pope francis gay marriage

One of the most seminal moments of Pope Francis' papacy thus far was his response to a question about gay priests in 2013
My imaginary friend Stella and I, having fled an Italy crushed by inequity, thought at the time that there was precious little to lose. But Italy is changing. For real. And Stella and I are changing along with her. For us it's a wonderful breath of fresh air to realize that there is still a country we can return to, and for which we can still have hope.
“When a man and a woman celebrate the sacrament of marriage, God is reflected in them,” the pontiff told an estimated 45,000
In an interview with an Italian newspaper, Pope Francis made some noteworthy comments about the Catholic church and same-sex civil unions.
"Values are values, period," the pope said. "I cannot say that, among the fingers of a hand, there is one less useful than
In his talk on Thursday, Kasper did not offer any specific proposals, but repeatedly stressed the importance of pastoral
As part of that global effort, Francis has also made key changes across Europe and the U.S. In Germany, he moved swiftly
Catholicism is fundamentally constructed of a doctrine that very concretely determines the way of life and church politics. But Francis shows little nerve for change when it comes to this doctrine.
6. He doesn't want gifts for Christmas or his birthday, he just wants to hang out. Pope Francis raised some eyebrows this
Illinois lawmakers voted to approve a same-sex marriage bill on Tuesday in a historic vote that concludes over a year of
Although I'm not a Roman Catholic, it is time for me to go to confession and acknowledge that my fears may have been misplaced about Pope Francis.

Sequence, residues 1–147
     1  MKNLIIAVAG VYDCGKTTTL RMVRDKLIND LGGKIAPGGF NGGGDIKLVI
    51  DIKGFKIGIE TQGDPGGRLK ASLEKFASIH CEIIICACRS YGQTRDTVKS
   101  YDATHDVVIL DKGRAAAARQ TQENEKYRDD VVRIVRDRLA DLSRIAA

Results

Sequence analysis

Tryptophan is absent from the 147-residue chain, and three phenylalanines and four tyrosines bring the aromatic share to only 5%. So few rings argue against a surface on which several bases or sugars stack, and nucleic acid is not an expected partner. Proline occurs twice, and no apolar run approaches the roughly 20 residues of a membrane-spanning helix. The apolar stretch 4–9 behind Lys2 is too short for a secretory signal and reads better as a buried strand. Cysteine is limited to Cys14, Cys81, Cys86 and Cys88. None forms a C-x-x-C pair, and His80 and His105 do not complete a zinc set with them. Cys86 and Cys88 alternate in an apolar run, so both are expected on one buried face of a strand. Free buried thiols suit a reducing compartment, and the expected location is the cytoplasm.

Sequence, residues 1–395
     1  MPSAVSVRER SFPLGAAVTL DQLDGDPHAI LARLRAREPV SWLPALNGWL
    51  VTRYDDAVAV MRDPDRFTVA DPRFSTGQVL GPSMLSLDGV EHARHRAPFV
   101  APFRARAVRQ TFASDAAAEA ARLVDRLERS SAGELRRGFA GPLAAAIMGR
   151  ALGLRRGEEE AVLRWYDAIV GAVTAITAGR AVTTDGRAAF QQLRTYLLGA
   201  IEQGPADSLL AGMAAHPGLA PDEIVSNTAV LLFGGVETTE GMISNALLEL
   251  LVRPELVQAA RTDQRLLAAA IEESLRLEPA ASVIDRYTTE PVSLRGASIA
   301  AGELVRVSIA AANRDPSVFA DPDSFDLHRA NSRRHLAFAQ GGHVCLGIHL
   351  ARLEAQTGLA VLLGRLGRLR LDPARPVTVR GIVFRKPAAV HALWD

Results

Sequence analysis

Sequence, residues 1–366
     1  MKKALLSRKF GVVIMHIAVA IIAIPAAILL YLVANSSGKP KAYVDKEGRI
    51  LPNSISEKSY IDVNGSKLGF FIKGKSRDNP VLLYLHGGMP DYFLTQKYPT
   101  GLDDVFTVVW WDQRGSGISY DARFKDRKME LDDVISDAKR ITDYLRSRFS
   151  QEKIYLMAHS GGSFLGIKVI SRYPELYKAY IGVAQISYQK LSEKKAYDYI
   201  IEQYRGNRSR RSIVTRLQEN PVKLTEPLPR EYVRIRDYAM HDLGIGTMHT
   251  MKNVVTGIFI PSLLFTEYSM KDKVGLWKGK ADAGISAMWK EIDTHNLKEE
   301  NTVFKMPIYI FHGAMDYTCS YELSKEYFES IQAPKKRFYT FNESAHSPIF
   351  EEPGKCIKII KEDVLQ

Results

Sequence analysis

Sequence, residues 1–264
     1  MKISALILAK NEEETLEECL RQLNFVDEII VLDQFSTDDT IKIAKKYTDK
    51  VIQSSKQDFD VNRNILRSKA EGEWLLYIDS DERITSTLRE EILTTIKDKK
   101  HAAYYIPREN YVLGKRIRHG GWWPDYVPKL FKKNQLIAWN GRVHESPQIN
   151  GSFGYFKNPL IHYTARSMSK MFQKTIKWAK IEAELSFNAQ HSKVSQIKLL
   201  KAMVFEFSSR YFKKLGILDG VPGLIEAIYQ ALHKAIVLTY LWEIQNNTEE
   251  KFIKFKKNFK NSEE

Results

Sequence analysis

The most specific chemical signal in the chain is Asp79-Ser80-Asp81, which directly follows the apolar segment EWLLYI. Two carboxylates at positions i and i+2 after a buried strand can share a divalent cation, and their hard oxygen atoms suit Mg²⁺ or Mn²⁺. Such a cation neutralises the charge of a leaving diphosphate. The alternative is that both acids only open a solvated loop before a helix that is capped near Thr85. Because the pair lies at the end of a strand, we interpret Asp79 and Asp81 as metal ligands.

What's critical to realize -- lest we believe that Christian doctrine actually compels its adherents to condemn gay people -- is that anti-gay religious sentiment has always been a matter of tone and focus, so a change here is both the best we're likely to get and possibly all that's really needed.
I stepped down from NOM's board now two years ago, so you should direct this to NOM. [Ed note: NOM did not respond to request
Pope Francis' Catholic Church isn't abandoning its anti-LGBT beliefs; it's just going to talk about them less often. The pontiff's comments were a response to the shifting politics around LGBT issues, not a new policy of inclusion. They are, at most, a change of style, not one of substance.
In saying "I have never been a right-winger" in the same interview in which he's criticizing the church for being too "obsessed" with gay marriage and abortion, Francis is hitting at those Catholic leaders who use gay rights and abortion to wield political power, putting them on notice.
To be sure, Popes do not change doctrine in off-the-cuff airplane interviews. The Catechism remains today as it was yesterday -- equal parts condemnation and conciliation. But something has changed, decisively so. And that is tone.
"His first one hundred days have already placed him in the category of world leaders who make history," said Vanity Fair
The pope met the French delegation of parliamentarians, who are members of a "Friendship Group" with the Vatican, on the
Having railed against gay marriage back when he was in Argentina, only to lose that battle, he may be seeing that the handwriting is on the wall and that he's got better things to do. And that can only be a loss for anti-equality advocates who hoped the pope would loudly lead their crusade.
Pope Francis reassures me, an atheist, that the "good" that I do will lead me to meet someone along the way -- but what about the fact that I'm a lesbian? Is doing "good" enough for only one divergence from the faith?